Doug Shulman, former IRS Commissioner in prepared 2010 remarks to the American Bar Association meeting in Toronto Canada said: “The final instructions make it clear that a taxpayer need only disclose information to her attorney sufficient to identify the issue and the relevant facts.” Heather Maloy, Large Business and International Division Deputy Commissionerwrote in 2011 to her staff that the IRS recognizes a “Policy of Restraint” regarding privileged communications and documents. Former IRS acting Commissioner from 2012-2013 Steven Miller commented in 2012 before the Tax Executives Institute that out of “4,000 concise descriptions filed prior to 2012 only 133 failed to satisfy the requirements…further notification will be sent to these taxpayers to ensure that future filings follow these instructions…we intend to let those taxpayers know their future returns will be reviewed.”
Just so you know, the common law attorney client privilege issues surrounding “burdens of proof” and the “concise description” required by UTP federal regulations have not yet been tested in Federal Courts because the UTP program is so new. Lack of UTPs case law notwithstanding, all business owners should be able to freely discuss with their tax attorney how and why UTPs and their concise descriptions in 2014 are going to be listed on Form 1120 Schedule UTP without losing the “attorney client privilege” that attaches to those discussions. My best predication is that the Government, despite IRSPolicy of Restraint Announcement 2010-9, will someday argue as they did in Johnston v IRS US Tax Court (2002), that you waived the attorney client privilege if “you relied on the advice of counsel” to not only create the required concise descriptions, but to include or not include concise descriptions on 2014 Schedule UTP.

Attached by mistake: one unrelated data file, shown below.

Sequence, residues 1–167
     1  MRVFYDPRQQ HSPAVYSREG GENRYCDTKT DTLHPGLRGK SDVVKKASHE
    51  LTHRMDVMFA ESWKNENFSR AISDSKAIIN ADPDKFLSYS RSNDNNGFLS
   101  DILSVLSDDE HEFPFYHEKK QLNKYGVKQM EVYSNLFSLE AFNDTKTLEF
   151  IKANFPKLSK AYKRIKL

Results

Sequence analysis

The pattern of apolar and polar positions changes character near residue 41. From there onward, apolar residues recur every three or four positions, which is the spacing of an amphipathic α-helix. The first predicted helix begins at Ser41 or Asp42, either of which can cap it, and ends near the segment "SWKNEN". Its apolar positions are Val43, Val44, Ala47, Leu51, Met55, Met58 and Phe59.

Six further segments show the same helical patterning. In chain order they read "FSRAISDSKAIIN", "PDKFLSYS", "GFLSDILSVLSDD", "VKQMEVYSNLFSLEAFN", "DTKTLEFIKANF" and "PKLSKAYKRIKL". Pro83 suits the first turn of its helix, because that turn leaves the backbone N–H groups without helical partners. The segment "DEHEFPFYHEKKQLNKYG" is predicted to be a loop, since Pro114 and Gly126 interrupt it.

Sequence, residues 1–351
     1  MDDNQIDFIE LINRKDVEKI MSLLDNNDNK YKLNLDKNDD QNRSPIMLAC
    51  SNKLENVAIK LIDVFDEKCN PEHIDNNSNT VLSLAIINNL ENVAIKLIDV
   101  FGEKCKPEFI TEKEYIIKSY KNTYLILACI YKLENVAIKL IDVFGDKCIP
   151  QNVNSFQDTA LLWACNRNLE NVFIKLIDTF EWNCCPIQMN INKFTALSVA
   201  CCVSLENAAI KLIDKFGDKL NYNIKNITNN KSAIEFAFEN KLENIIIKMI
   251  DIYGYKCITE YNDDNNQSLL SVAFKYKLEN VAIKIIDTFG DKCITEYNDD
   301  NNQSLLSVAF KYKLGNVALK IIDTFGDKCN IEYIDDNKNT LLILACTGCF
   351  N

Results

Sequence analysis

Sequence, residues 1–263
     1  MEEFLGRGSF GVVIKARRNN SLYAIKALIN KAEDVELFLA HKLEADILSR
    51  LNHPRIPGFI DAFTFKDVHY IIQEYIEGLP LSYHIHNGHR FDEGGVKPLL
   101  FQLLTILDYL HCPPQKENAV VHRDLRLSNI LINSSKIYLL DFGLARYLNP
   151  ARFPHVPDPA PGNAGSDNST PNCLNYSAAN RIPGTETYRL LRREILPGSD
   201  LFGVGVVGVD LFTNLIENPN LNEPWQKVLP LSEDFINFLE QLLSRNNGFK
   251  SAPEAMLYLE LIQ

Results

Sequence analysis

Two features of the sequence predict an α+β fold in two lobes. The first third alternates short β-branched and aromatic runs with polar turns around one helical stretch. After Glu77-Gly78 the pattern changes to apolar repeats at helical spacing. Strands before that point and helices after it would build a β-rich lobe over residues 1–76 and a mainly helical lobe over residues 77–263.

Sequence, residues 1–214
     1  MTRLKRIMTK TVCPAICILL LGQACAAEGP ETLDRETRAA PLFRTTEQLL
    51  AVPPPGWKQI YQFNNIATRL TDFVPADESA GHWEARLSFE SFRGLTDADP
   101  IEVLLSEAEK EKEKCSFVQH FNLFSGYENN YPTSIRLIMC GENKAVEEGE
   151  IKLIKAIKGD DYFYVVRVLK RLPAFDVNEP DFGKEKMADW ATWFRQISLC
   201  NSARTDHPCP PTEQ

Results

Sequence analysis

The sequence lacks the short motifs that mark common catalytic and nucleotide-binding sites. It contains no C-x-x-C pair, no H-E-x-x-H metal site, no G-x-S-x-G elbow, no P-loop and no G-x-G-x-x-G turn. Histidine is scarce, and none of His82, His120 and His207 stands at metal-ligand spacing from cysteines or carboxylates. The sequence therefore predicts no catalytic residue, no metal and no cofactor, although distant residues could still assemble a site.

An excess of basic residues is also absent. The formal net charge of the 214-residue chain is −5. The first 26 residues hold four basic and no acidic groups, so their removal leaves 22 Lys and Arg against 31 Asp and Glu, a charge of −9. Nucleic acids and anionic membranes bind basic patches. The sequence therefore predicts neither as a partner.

The Court in Johnston, citing Hearn v Ray, 68 F.R.D. 574 (E.D. Wash 1975), argues if you assert the privilege you might also lose the privilege if the assertion of attorney client privilege prevents the IRS access to the information needed for the Government to win their case against you. Really? Folks these “concise descriptions” are not just numbers from the accounting department, but they are rather short essay answers you give the Government under penalty of perjury. Would you not want your communications to your tax counsel regarding these “concise descriptions” to be privileged and confidential?
What does all this mean for us? First if your business balance sheet shows assets over $10 Million, and your financial statements were audited by an independent CPA firm in 2014, review your year-end UTPs with a tax expert as soon as possible to create a draft Form 1120 Schedule UTP. Make sure any notes of discussions you had with your tax attorney are marked Confidential Attorney Client Privilege protected communications. Second make sure you understand that whatever you say, text, email or voice mail to anyone who is not an attorney will absolutely not be privileged during an IRS audit of Schedule UTP, particularly with regard to your concise descriptions. Finally learn about your UTPS. The more you know about UTPs unique to your business the more likely you will preserve your attorney client privilege and bullet proof your tax return from adverse IRS audit consequences for many years to come. Thanks for joining us on TaxView with Chris Moss CPA.
See you all next time on TaxView.
Kindest regards and Merry Christmas to all.
Chris Moss CPA